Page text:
Glozel: What happened?
Le Glozel is a hamlet in the Allier department of France. In the last century many inscribed objects were discovered there.
The script on the objects resembles Cave Script. My hypothesis is that the script is a member of the Cave Script family.
Le Glozel would appear to be the last resting place of the victims of a natural disaster. Many of the objects carry inscriptions describing the disaster, and the loss of life. For me, the most moving example is the image above. The image is engraved on a stone pebble.
To decipher the image, we need to put ourselves in the position of the narrator. That is the reindeer stood on higher ground. The reindeer has smaller antlers than the reindeer lying below. Thus we can determine that our narrator is female. She has her eyes closed, because she is trying to shut out the scene below.
In the valley below, we see the river, with the body of a male reindeer. We see that next to the body is the Chinese radical bāo 勹, meaning envelop. If we turn the pebble clockwise, the next thing that we come to is the river. The reindeer was enveloped by the river and drowned, but reindeer are good swimmers, so why did he die?
For the answer, we look at the granulite ring below. It was found at neighbouring Moulin Piat in a bend of the River Sichon, and carries two words.
From looking at the scripts from Le Glozel, I have concluded that the earthquake unleashed a devastating series of events. The natural dam wall of a crater lake collapsed. The resulting flash flood killed fishermen from the lake and the people and animals in its path through the valleys below.
The burial site is just above the Vareille River on high ground between the Vareille Valley and the Sichon Valley. East of Le Glozel and north east of Moulin Piat is a place called Puy Ravel. A puy is a volcanic hill. It may well be that there was a lake at Puy Ravel. It is possible that the water and debris from the dam burst affected both the Vareille and Sichon valleys. Perhaps the ring was buried as a memorial to people who lost their lives at the water mill.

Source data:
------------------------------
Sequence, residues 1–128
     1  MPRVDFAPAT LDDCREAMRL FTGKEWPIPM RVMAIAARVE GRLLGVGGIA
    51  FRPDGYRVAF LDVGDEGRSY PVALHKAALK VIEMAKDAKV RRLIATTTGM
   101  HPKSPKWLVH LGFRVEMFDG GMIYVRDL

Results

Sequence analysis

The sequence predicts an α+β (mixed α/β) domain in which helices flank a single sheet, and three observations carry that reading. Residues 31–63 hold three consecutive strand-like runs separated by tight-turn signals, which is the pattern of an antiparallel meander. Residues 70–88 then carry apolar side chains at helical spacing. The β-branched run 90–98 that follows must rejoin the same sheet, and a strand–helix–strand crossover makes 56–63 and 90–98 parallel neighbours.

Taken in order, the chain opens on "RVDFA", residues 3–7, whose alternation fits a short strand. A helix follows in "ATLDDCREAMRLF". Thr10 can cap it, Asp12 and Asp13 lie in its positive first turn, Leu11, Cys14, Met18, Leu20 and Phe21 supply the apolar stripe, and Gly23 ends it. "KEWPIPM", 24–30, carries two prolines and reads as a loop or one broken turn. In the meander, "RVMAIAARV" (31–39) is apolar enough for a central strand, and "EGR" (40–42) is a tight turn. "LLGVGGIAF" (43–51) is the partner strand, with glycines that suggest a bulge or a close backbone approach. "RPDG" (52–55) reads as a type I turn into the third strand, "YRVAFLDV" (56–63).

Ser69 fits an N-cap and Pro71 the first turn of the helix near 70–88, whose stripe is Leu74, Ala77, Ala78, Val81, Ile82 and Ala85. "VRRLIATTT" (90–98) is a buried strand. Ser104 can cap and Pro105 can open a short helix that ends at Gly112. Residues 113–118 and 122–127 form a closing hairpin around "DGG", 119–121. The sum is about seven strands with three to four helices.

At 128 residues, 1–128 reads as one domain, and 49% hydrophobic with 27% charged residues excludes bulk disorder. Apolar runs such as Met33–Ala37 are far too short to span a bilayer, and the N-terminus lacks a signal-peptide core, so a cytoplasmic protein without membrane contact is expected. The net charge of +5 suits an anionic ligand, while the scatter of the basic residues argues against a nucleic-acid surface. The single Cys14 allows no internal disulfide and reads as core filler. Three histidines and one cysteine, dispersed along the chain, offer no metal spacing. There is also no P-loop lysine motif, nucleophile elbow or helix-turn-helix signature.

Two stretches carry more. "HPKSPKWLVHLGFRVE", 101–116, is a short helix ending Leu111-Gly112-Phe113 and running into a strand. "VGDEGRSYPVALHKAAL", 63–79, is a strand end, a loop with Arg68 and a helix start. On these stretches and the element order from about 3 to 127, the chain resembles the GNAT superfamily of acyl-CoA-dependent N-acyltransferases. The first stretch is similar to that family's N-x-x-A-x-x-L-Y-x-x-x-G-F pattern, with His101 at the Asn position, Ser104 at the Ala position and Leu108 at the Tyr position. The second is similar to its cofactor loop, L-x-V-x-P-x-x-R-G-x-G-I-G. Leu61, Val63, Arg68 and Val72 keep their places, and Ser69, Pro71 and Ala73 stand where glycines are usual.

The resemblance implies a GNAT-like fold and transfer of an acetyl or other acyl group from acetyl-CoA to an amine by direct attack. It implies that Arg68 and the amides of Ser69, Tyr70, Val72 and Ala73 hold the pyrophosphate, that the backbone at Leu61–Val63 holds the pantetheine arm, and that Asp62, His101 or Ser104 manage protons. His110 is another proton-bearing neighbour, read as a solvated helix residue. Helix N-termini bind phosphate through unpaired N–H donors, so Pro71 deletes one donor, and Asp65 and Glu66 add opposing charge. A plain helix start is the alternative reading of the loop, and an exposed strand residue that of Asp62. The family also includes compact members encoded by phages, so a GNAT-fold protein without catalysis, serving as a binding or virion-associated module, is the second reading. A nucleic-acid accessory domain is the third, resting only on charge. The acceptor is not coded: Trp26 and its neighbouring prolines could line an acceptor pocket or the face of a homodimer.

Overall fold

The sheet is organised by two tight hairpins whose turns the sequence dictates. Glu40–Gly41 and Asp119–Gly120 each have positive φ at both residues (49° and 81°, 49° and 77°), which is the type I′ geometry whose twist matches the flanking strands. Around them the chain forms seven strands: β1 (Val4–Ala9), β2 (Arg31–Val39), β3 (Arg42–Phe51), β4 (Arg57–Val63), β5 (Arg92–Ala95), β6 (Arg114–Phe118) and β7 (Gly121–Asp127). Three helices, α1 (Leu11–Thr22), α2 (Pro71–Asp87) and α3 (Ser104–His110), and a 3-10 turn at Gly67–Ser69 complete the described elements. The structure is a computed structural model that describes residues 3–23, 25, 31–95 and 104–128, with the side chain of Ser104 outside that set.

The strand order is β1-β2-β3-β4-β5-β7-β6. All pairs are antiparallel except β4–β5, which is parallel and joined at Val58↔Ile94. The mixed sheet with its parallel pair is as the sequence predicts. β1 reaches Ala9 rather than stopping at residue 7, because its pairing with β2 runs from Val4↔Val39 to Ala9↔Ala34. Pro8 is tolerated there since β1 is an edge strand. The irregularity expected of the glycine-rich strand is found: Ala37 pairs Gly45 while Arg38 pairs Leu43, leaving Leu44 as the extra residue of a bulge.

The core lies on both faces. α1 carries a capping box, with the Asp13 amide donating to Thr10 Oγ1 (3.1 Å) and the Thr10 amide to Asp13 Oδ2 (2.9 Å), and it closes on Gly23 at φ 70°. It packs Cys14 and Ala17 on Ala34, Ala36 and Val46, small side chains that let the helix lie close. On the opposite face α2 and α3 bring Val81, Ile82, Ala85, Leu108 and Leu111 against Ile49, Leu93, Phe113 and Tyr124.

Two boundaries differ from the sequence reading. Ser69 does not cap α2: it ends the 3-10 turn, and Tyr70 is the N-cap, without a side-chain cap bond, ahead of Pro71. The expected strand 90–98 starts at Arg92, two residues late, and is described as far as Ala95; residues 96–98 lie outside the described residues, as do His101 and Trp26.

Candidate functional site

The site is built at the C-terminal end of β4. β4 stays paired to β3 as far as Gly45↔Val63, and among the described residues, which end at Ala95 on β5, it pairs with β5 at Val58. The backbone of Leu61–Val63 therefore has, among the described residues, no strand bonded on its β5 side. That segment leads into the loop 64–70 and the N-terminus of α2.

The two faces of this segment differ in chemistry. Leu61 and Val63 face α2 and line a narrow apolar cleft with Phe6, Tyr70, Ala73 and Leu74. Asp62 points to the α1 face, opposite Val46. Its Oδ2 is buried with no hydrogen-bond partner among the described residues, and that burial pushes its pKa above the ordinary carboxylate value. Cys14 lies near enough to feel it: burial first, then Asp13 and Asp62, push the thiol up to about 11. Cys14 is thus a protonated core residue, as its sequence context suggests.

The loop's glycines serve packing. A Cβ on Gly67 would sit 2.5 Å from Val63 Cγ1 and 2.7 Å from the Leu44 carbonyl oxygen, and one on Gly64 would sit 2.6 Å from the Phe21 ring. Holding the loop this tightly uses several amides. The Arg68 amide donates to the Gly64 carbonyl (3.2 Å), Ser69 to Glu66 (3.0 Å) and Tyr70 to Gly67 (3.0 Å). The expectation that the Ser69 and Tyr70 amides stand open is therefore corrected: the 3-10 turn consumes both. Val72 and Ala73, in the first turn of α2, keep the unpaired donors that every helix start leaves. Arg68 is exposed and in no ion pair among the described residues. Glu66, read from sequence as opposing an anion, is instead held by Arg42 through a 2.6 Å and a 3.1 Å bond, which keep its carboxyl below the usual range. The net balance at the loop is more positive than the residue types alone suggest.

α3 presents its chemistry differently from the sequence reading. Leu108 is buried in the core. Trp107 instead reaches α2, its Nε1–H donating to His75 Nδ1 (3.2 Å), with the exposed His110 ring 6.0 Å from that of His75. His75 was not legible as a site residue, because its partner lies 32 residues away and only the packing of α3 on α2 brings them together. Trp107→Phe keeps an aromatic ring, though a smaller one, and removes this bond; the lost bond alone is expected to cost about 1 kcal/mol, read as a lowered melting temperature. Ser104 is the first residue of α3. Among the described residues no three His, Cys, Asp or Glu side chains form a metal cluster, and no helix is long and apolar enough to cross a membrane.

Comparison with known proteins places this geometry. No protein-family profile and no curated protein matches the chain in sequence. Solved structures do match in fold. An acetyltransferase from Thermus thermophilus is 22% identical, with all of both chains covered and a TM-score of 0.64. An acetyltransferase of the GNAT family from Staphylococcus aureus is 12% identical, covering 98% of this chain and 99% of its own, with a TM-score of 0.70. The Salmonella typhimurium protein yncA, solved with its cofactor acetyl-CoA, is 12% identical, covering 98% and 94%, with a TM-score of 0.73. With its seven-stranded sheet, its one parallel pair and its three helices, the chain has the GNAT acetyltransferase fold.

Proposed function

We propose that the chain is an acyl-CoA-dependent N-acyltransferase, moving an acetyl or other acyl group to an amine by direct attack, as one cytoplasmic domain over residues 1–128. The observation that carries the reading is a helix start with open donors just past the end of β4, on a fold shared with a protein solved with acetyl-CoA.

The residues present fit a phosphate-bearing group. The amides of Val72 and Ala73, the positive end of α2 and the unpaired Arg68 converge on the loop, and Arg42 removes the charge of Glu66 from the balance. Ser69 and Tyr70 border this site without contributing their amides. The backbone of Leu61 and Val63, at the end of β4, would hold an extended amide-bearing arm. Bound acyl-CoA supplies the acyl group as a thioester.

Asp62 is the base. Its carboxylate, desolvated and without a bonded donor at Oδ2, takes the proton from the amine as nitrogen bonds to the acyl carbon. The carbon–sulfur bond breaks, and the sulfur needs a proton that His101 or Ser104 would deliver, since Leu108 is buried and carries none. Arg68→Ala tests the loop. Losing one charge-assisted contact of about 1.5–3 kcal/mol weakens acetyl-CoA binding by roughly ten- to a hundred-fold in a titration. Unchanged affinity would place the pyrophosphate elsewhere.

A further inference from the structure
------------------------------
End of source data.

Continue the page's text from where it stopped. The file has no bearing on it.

If we continue to turn the pebble. It brings us to the character shí 十 or wǔ X. It is an ideograph of four points and the centre, in other words everywhere. Next we have the Chinese radical gōng 工. It is a simple flow diagram: input; process; output. In the case of a river, it can be translated as flow. Then we have Shuowen Jiezi radical number 52 Jiū 丩, meaning to entangle.
Turning the pebble again, the story continues with a pictograph of a tomb. Then we have mì 冖, meaning to cover. Next is yī 一, meaning alone. I haven’t found a definite match for the last character. However, I think that it is probably a form of tǔ 土, meaning earth (four points, the centre and the ground beneath). It is possible that the narrator was referring to herself saying that she was alone on Earth.
Before anyone spends vast amounts of time deciphering the script, we need a geologist to verify the context. My interpretation of the pictographs is a crater lake. Was there a crater lake? If so, did the dam fail? Where was the lake? Was it at Puy Ravel? If not, where did the water come from?
Renne mort: Salomon Reinach, 1928: Éphémérides de Glozel, Glozel Planche VII, p. 299, fig. 2: Simon Kra, Paris: Source: gallica.bnf.fr / Bibliothèque nationale de France: http://gallica.bnf.fr/ark:/12148/bpt6k205173m: Accessed: 29 December 2012
Anneau de granulite: Musée de Glozel: Source: http://www.museedeglozel.com/MoulPiat.htm: Accessed: 29 December 2012